With the holidays upon us, we often gather together more, more meals, more parties and more food. And with all that often comes the internal struggle between our desire to celebrate with food and to exhibit some level of self-control. Several studies and researchers have looked into how much weight we gain during this season, and the lasting effects it can cause. Even if you do not gain weight, there can still be struggle over what strategies to employ if you are intentionally trying not to put on those extra Christmas pounds.
There are two main errors people tend to make when it comes to dieting and food restriction for health reasons. The first takes the form of labeling foods as “good” or “bad”. Now, it is certainly true that some foods may be better suited to meet certain goals you have. Foods have different nutrition profiles, the balance of macros and presence of things like vitamins and minerals, can make certain foods feel more satiating or not, but labeling foods as “bad” in particular will often cause us to feel restricted in our eating. When we experience restrictions, focusing on what we “can’t have” or even being afraid of that pumpkin pie can distort our perception of food. It can also lead us to want to rebel against those restraints, even if they are self-imposed. As people, we want to experience a sense of freedom and agency, we want to have control over our lives and not feel like something is compelling us to do or not do something. Often when we feel like we are being controlled by a certain plan or program we will eventually want to rebel and indulge by reaching out to taste the forbidden fruit (or fruitcake). When foods are bad, then we tend feel shamed when we eat them. This of course doesn’t alter our behaviors, but shame just drives them underground. So while we may enjoy the guilty pleasure in the moment, it comes with the consequences of shame afterwards that make us feel bad and doesn’t lead to change in the future. The point is that generally diets or plans that feel too restrictive often backfire. You may lose the weight you wanted to, but as many studies with diets show, they are not sustainable and so people often put that weight back on because they feel restrictive.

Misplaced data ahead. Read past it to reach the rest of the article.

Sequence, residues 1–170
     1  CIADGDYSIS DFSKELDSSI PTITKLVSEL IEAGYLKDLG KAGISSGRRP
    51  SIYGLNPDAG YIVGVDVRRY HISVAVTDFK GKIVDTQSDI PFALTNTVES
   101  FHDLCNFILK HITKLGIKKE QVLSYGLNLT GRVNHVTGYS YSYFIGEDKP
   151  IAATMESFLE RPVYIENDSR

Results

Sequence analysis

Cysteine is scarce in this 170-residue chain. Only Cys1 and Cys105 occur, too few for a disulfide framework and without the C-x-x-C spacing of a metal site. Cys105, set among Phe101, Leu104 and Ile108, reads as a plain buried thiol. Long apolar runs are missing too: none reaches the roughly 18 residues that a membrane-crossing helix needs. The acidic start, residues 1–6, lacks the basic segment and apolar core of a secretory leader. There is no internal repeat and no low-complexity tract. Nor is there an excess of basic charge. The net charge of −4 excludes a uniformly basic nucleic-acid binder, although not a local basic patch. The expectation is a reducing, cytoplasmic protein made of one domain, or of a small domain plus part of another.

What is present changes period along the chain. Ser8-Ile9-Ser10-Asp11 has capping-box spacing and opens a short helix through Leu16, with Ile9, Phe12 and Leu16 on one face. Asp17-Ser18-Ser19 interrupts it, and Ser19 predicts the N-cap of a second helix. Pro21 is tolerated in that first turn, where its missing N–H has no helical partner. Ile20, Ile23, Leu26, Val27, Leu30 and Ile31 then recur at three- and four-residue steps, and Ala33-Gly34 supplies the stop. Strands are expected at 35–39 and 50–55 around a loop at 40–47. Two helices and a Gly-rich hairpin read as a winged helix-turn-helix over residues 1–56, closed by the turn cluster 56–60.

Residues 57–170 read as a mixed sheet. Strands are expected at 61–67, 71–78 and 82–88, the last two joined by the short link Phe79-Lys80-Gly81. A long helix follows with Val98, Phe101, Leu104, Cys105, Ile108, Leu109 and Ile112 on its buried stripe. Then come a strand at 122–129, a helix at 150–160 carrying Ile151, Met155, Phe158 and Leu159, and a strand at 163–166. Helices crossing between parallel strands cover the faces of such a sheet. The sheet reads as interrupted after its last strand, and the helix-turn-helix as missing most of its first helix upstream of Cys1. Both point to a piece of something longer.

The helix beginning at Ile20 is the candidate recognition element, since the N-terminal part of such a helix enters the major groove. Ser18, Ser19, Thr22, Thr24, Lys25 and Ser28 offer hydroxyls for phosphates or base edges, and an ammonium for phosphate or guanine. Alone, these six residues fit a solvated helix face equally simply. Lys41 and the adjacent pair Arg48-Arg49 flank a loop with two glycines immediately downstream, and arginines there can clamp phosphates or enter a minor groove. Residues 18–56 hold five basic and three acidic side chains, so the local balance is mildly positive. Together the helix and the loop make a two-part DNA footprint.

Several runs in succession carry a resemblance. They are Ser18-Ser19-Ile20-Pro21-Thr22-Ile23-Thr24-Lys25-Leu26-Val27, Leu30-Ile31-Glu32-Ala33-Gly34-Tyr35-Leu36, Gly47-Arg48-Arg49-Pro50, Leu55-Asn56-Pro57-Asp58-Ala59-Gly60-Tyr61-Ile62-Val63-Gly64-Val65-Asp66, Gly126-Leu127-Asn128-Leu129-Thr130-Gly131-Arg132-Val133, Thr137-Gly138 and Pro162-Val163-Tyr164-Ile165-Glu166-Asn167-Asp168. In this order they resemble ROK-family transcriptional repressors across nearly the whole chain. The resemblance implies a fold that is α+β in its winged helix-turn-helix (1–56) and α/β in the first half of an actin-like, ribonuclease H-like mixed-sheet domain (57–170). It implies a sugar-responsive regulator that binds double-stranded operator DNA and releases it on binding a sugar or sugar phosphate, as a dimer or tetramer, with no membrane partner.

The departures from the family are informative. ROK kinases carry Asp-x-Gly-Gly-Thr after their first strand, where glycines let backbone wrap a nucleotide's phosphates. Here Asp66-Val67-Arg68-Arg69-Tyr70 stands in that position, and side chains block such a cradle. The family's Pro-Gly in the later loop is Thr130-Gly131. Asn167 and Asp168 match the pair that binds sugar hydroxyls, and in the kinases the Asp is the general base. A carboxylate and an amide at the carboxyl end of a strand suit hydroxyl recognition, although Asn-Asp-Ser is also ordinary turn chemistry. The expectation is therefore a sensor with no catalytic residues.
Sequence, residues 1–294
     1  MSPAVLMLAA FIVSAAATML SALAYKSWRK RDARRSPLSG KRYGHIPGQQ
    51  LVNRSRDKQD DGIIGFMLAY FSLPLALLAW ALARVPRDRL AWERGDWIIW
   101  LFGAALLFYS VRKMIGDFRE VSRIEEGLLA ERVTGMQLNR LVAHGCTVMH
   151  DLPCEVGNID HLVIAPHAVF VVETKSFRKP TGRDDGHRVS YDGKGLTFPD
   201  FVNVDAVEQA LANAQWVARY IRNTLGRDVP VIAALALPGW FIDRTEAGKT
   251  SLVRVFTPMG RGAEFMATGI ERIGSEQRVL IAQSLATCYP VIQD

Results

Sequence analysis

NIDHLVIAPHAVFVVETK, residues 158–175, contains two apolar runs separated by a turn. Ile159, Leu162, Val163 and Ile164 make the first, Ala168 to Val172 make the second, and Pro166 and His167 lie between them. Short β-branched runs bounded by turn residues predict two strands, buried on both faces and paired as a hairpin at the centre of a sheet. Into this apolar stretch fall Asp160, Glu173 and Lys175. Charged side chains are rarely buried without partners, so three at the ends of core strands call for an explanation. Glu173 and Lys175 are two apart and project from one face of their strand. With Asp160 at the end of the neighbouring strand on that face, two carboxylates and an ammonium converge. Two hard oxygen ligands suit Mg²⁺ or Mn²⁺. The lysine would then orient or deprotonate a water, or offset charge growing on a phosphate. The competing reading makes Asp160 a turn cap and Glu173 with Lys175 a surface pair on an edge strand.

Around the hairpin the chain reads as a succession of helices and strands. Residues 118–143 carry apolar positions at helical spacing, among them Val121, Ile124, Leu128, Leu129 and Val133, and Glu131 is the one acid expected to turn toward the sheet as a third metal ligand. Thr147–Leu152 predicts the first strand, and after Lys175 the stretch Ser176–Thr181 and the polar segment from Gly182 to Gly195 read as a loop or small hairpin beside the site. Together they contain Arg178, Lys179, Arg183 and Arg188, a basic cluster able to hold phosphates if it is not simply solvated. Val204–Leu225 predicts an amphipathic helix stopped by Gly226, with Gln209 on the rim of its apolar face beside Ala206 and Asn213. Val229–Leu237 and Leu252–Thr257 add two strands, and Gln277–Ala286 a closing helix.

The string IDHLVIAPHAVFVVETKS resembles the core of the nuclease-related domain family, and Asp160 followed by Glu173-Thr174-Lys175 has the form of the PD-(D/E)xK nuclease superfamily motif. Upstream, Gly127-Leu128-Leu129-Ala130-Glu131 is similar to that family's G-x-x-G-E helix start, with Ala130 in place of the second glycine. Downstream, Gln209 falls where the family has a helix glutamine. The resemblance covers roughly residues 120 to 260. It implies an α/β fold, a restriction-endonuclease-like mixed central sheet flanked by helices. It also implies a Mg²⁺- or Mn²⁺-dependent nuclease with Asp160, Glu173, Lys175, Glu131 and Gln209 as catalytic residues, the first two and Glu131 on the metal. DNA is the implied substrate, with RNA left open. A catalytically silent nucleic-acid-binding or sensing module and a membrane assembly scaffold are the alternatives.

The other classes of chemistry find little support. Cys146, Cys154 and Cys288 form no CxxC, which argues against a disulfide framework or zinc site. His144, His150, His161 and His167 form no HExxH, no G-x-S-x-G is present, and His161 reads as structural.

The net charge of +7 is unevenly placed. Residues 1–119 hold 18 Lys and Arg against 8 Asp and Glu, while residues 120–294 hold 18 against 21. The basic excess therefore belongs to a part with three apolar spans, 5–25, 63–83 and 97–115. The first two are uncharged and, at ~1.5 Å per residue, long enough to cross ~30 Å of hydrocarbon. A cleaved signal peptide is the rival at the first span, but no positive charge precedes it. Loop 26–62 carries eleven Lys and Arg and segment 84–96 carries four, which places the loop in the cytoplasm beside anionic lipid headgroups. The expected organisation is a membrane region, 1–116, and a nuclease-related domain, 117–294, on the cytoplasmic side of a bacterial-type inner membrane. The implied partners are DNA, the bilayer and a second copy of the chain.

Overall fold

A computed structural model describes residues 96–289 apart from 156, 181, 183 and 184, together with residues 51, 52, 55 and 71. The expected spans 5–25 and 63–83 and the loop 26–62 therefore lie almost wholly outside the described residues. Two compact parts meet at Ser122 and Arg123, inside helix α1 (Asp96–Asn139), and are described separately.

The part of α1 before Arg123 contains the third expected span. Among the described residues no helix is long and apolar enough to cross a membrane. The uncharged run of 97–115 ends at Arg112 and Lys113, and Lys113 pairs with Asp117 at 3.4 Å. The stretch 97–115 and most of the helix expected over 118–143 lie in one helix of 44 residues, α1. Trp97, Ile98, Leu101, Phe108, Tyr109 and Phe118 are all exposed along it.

The second main error that people make is to make short-term goals without long-term foresight. This means that people are drawn to the 6, 8, or 12-week diet plans that promise you’ll be a slimmer, lighter you in just 2 months time. But similar to error #1, these diets are often not sustainable. Many people, who struggle with weight, just want something that works, and the thinking is, “I just want to get to X weight, then I’ll worry about staying there”. The trouble with this approach is, first, some diets are so restrictive that you lose not just fat during the dieting phase, but lean muscle mass tissue as well. When we lose muscle mass that tends to slow down our metabolism and “basal metabolic rate”. This means that when you come off the diet you need to maintain a lower calorie diet than before to maintain your weight. This can be hard for many and often leads to the rebound weight gain. The second issue with this is that while you may have the will power and discipline to stick to an 8-week diet plan, you haven’t developed the habits and practices needed to maintain a healthy nutrition program. Once the diet is over, many of us don’t know what is the best strategy for sustaining that weight loss long-term. Instead we go back to our old eating patterns, and inevitably gain the weight back.